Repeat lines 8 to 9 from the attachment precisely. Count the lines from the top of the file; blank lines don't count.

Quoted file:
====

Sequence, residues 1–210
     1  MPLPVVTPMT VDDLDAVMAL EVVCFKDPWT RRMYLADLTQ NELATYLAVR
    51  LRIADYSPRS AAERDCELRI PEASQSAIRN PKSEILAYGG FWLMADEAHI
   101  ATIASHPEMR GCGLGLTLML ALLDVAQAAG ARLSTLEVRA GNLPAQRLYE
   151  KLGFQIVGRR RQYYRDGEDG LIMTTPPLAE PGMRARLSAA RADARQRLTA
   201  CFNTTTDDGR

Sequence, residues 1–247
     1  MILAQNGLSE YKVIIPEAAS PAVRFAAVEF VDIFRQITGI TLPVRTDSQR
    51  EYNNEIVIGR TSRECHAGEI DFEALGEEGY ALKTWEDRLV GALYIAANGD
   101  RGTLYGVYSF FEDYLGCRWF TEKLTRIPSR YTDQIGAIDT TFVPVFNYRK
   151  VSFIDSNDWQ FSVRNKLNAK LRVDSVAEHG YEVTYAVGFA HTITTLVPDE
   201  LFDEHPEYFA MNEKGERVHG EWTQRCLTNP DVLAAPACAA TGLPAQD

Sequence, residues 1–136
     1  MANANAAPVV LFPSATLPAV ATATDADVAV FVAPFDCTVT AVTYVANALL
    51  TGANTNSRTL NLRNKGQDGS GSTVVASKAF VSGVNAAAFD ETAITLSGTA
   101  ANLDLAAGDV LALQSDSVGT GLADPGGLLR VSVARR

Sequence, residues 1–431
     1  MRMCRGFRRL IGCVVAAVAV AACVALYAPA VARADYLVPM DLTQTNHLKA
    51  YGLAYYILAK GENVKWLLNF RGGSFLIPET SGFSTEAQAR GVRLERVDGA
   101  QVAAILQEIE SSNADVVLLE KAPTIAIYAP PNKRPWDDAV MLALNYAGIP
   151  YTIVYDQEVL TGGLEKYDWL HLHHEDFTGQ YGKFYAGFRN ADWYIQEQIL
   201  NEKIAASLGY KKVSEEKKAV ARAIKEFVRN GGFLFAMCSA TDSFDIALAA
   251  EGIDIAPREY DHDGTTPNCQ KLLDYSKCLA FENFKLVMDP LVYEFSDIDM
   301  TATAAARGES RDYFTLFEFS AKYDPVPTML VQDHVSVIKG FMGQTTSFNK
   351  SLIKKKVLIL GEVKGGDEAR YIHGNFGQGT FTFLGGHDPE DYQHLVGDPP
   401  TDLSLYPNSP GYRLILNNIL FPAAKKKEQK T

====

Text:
     1  MILAQNGLSE YKVIIPEAAS PAVRFAAVEF VDIFRQITGI TLPVRTDSQR
    51  EYNNEIVIGR TSRECHAGEI DFEALGEEGY ALKTWEDRLV GALYIAANGD